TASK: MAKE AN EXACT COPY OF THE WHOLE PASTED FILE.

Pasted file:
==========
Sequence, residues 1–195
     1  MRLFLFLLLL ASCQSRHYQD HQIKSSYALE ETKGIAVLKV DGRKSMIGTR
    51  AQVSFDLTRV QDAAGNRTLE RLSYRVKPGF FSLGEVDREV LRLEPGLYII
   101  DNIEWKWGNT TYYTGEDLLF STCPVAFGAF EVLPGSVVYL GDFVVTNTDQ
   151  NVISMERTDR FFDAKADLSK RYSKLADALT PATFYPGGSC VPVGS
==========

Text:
Sequence, residues 1–195
     1  MRLFLFLLLL ASCQSRHYQD HQIKSSYALE ETKGIAVLKV DGRKSMIGTR
    51  AQVSFDLTRV QDAAGNRTLE RLSYRVKPGF FSLGEVDREV LRLEPGLYII
   101  DNIEWKWGNT TYYTGEDLLF STCPVAFGAF EVLPGSVVYL GDFVVTNTDQ
   151  NVISMERTDR FFDAKADLSK RYSKLADALT PATFYPGGSC VPVGS